Tuesday, October 9, 2007

Marshall McLuhan as Micro Blogger

Marshall McLuhan died on the last day of 1980 - not only years before there was Twitter, micro-blogging and blogging, but a few years before e-mail and commenting on Web pages.

In 1986, I wrote a piece for the IEEE Transactions of Professional Communications entitled "Marshall McLuhan and Computer Conferencing," in which I said that the pithy bursts which characterized his writing - his great works from the 1960s consisted of chapters often not more than a page or two in length - were actually a form of web writing ("computer conferencing") decades before the Web and online communication emerged. I've attached that article below.

Just today, I realized something more about McLuhan's writing. The memorable titles he gave to his short chapters - for example, "The Medium is the Message" in Understanding Media (1964) or "Nobody ever made a grammatical error in a non-literate society" in the Gutenberg Galaxy (1962) (which has 107 of these gems) - were actually micro-blogs.

Blogging in his page-or-two chapters, micro-blogging in the titles or "glosses" (his term) he gave them. All of this back in 1962 and 1964.

McLuhan was in touch with a mode of expression, a vehicle of the human intellect, which was clear and comfortable in his mind, even though the technology of its delivery was still decades away from invention.

**Note added 25 February 2009: Section on McLuhan as Microblogger in "Twitter" chapter of my new book New New Media, to be published September 2009


by Paul Levinson

First published in IEEE Transactions of Professional Communications,
March 1986, pp. 9-11.

As far as I know, Marshall McLuhan never owned a
personal computer. He never was part of a computer network,
and never engaged in computer conferencing. Certainly his
landmark Understanding Media (1964) and The Gutenberg Galaxy
(1962) were published years before the development of personal
computers and the types of communication they make possible.

But even had McLuhan's contributions been made 20 years
later, they no doubt would have been made without the services of
computers. For McLuhan was a firm believer that those in the
belly of a technology were blind to its effects, and he
credited much of his perspective on media to his habitat in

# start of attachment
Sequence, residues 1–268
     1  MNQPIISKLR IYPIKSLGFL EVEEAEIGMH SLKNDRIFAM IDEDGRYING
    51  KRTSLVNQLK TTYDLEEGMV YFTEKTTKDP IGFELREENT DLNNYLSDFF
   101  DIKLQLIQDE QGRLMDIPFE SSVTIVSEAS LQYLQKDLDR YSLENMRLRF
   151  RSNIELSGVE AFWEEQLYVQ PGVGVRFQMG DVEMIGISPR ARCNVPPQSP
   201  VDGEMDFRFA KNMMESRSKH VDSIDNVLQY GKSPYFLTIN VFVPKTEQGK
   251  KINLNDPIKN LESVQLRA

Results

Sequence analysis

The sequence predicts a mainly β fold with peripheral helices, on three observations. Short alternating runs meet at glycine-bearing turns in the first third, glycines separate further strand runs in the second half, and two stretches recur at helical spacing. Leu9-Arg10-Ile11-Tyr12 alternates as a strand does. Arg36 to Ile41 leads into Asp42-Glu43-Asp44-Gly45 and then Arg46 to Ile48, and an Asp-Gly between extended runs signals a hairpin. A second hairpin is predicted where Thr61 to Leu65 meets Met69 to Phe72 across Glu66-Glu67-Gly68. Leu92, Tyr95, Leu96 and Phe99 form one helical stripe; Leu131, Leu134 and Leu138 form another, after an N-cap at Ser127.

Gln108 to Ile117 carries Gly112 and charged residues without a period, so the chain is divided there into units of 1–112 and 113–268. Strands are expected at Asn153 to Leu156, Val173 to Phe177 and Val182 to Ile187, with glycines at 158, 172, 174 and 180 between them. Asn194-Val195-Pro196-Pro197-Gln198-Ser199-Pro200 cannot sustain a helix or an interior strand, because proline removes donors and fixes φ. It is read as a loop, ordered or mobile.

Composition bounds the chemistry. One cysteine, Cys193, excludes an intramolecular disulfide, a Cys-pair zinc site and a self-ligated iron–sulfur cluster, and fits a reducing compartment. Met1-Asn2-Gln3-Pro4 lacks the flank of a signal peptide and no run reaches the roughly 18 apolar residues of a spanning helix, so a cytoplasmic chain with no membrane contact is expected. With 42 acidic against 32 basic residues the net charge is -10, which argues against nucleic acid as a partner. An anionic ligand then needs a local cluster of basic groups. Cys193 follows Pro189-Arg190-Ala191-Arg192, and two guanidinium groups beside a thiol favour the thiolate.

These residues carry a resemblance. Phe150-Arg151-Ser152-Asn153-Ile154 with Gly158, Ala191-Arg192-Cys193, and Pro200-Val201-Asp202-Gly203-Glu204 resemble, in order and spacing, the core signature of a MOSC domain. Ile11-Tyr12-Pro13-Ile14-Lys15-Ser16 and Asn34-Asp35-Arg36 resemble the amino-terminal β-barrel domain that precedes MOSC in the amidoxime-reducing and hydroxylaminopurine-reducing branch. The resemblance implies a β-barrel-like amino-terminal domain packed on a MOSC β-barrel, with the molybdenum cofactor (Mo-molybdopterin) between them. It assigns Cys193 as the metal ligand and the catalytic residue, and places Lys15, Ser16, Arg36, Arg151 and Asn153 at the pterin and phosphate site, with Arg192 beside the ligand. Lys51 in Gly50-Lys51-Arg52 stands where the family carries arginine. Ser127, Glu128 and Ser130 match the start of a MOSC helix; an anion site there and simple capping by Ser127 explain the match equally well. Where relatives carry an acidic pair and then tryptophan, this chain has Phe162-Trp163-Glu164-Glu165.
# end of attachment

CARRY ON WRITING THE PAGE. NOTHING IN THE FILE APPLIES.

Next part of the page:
Canada several miles above and beyond the media milieu of
the United States.

Yet for all their aloofness from the electronic world they
detail, McLuhan's writings epitomize a kind of Joycian, stream
of consciousness flow that can best be described as
electronic. Critics never tired of citing McLuhan's writing
style as the best evidence he offered in support of his
contention that writing had become outmoded, and much of the
popular misconception that McLuhan was "against" writing and
print stemmed from his admitted attempt to break free of
traditional typographic styles of narrative and composition.

And so the question of how to understand McLuhan, what
to make of the relationship between the structure and the
content of his work, continues to interest all who
write about him. I raise this issue once again because I
think I have found a most astonishing key, an unexpected
Rosetta Stone, that goes a long way towards answering
this question. Architects of computer conferencing most likely
paid little or no attention to the style of McLuhan's writing
in design of their programs. And McLuhan simply couldn't
have had any knowledge of computer conferencing when he
wrote his main works. And yet recent experience in the
medium of computer conferencing struck me with how
literally the prose collages of McLuhan's books resemble the
transcripts of computer conferences.

What Is Computer Conferencing?

In the spring of 1984, I was hired by the
Western Behavioral Sciences Institute to teach a course by
computer teleconferencing for their School of Management and
Strategic Studies. Faculty (known as conference moderators or
facilitators) meet in person with students (known as conference
participants) at the Institute's premises in paradisiacal
La Jolla for week-long seminars twice a year. Thereafter
faculty and students scatter to the far corners of the
Earth (students in my class come from Australia,
Sweden, and Colombia, though most of the participants
are business, government, and non-profit executives located
in the U.S.), to give and receive instruction and
enlightenment entirely through the Kaypros, DEC-Rainbows, and
assorted other personal computers in their homes and places of

Before detailing some of the features of computer
conferencing, let me give a little background on the more
general medium of electronic mail of which computer
conferencing is a part. In a sense, electronic exchange
of written information began with the telegraph and continued
with the telex, long before personal computers and